When you need to change yourself and you’re not “there yet”, a simple trick is to pretend to be someone else.
Fake it ’til you make it.
You may not be a fitness weirdo just yet, but ask yourself:
If I were one of these “fitness freaks”, what would I do?
How would I behave?
What would be important to me?
After you answer those questions, go be “that person”.
If you could look into your crystal ball and see the “future you”, what behaviors would you partake in? Would you call the pizza guy 5 times per week, or would you eat mostly whole foods and emphasize protein?
Would you pass up on training to put on sweatpants and turn on Netflix? Or would you skip Happy Hour to crush your legs on a Friday?
It’s okay if you’re not on team #fitfam just yet.
Pretend like you are anyways.
Soon, you’ll have your own place at the table.
Step #3: Jump into the deep end with no lifejacket.
I’m a teacher by day.
The absolute BEST way to learn a skill (and fitness is a SKILL) is to completely immerse yourself in it.
You will have apprehension about this. This reaction is natural. We all fear the unknown.
If you want to be a “macro counting, squatting, deadlifting, whole foods eating freak”, then do it. Do all of it. Don’t look back.
Take the plunge.
It took me a long time to take the “full plunge”.
First, I trained.
Then, I started tracking protein.
But even then, I was “iffy” and “spotty”. I would sometimes hit my macros; it just depended on the day.
Finally, I jumped “all in”. No more half-assed behaviors for me. I realized I would never know how good I could be by doing things halfway.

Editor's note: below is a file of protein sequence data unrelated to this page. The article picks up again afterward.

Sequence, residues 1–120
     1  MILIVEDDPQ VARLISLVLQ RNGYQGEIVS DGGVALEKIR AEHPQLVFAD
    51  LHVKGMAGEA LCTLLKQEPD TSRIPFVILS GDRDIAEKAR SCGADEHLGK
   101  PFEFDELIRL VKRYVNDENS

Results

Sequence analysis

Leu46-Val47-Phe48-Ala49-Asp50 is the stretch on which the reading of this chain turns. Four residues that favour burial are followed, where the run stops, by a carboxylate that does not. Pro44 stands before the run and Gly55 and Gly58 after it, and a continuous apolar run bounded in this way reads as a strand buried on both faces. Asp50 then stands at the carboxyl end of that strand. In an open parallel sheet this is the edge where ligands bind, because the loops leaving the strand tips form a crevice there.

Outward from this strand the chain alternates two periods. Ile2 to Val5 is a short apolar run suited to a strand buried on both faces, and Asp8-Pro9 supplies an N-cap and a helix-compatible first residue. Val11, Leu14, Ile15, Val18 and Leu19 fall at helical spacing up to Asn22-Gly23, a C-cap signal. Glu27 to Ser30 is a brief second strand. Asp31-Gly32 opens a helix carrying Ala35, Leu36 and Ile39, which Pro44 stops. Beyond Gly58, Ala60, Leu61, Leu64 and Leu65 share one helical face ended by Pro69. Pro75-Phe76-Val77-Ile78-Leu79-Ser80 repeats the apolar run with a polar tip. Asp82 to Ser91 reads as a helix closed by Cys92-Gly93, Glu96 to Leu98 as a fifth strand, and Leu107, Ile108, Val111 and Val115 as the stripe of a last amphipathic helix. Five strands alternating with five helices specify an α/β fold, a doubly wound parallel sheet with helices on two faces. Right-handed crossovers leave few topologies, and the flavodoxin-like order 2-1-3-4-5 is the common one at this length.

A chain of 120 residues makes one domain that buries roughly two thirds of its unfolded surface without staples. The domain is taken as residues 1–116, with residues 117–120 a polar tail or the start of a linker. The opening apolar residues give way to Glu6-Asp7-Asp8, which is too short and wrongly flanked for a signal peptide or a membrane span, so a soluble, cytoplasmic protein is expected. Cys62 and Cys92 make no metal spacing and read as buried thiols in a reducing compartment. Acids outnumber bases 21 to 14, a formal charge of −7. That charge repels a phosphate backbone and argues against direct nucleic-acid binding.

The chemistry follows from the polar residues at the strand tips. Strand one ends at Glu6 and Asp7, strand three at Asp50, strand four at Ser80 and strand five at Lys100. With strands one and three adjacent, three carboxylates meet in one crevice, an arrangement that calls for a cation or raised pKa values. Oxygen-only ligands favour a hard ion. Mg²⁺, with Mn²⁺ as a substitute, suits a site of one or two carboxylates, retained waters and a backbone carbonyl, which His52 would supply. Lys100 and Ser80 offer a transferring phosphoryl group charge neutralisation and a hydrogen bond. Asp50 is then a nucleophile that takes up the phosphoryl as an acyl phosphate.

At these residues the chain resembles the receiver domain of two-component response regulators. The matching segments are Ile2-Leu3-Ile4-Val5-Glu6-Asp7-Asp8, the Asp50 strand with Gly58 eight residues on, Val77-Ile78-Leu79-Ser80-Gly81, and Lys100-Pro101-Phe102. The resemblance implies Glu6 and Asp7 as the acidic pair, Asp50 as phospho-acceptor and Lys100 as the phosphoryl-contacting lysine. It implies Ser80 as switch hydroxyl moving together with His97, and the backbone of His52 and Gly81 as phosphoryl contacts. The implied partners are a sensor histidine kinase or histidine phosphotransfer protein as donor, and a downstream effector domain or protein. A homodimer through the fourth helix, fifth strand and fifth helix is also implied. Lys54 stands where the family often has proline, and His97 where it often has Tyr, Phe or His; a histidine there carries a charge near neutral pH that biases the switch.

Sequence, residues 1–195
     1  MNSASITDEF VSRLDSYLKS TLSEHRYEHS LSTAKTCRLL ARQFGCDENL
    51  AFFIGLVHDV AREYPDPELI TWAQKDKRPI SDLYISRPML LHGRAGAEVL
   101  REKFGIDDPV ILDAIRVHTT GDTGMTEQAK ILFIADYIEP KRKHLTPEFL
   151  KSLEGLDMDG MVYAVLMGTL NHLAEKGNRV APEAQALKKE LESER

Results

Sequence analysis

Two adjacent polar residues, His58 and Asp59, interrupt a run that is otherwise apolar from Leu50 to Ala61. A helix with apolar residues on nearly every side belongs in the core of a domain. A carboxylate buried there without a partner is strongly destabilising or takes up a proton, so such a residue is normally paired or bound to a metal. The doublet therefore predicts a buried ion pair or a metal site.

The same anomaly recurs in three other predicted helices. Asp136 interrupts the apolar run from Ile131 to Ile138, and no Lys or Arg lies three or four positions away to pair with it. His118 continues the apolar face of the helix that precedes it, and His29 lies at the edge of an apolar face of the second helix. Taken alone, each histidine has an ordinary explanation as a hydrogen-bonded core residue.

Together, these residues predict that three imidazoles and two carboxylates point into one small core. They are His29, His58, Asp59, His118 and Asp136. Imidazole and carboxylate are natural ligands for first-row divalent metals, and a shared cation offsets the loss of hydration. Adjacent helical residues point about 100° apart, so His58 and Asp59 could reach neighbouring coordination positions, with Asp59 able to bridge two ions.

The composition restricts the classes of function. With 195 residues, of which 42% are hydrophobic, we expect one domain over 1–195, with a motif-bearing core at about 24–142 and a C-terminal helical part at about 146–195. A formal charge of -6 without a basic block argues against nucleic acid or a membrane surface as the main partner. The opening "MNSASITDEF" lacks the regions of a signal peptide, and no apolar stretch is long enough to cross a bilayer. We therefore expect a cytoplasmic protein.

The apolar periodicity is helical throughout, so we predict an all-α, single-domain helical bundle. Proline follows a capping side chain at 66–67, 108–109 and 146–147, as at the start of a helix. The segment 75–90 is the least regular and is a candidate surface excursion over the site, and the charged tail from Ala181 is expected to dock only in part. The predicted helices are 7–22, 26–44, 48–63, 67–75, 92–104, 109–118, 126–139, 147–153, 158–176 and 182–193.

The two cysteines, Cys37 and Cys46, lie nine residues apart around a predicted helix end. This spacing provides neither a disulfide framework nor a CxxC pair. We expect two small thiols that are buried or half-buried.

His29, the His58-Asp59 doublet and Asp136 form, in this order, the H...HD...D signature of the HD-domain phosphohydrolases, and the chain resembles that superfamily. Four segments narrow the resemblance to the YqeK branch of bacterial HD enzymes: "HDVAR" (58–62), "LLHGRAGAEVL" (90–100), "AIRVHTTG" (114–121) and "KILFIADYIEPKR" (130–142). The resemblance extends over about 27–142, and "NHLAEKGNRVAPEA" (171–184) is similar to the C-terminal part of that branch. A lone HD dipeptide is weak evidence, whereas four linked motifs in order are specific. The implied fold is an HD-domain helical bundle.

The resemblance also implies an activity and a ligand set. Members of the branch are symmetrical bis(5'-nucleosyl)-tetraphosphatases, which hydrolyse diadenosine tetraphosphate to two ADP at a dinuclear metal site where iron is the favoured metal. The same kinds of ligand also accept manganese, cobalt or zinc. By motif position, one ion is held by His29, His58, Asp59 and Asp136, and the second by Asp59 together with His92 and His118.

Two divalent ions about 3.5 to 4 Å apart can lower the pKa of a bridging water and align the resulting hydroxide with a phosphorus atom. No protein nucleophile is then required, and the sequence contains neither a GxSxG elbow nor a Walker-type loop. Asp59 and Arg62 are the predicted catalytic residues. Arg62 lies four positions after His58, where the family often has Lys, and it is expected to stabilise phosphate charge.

I should have jumped in the deep end much sooner. It would have saved me a few years’ worth of aggravation.
I had a friend whose father was transferred from Cincinnati to Mexico City for work when I was in 5th grade.
By the time he returned 3 years later, my friend could speak in machine gun Spanish as fluently as if he had lived in Mexico his entire life.
Think he would have done that taking a Rosetta Stone course?
Of course not.
The best way to learn is to jump in without a lifejacket and immerse yourself.
You’ll make the maximum amount of progress in the least amount of time that way.
Step #4: Put in your reps.
You need to realize that you will NOT be at the finish line soon.
You won’t be perfect on Day One.
Or Day One-Hundred, frankly.
Improvement is an ongoing, continuous process. It’s never complete.
You’ll make progress slowly and incrementally. It’s the only way it’s permanent and lasting.
The more reps you do, the better you will get.
This holds true for everything.
- The more times you try to hit your macros perfectly, the better you will get at dieting and macro counting.
- The more times you bench press, squat, and deadlift, the better you will get at bench pressing, squatting, and deadlifting.
- The more times you say “no” when you’re offered food you don’t want, the better you will get at saying “no” to others.
You have to put in your reps – in fitness and in life. You can get better at anything. The reason you can’t teach “an old dog new tricks” is because the “old dog” is stubborn as hell and doesn’t want to change.
If you want to change and put in your reps accordingly, you will get better over time.
Step #5: Find people who share your common interests.
If you’re surrounded by people who aren’t interested in living the fit life, odds are good that you won’t either.
Look around. Unless you’re in your gym, you will realize that most people don’t actually lift or eat well.
Most people are ordinary.
Most people shuffle around in a half-daze and let life happen to them.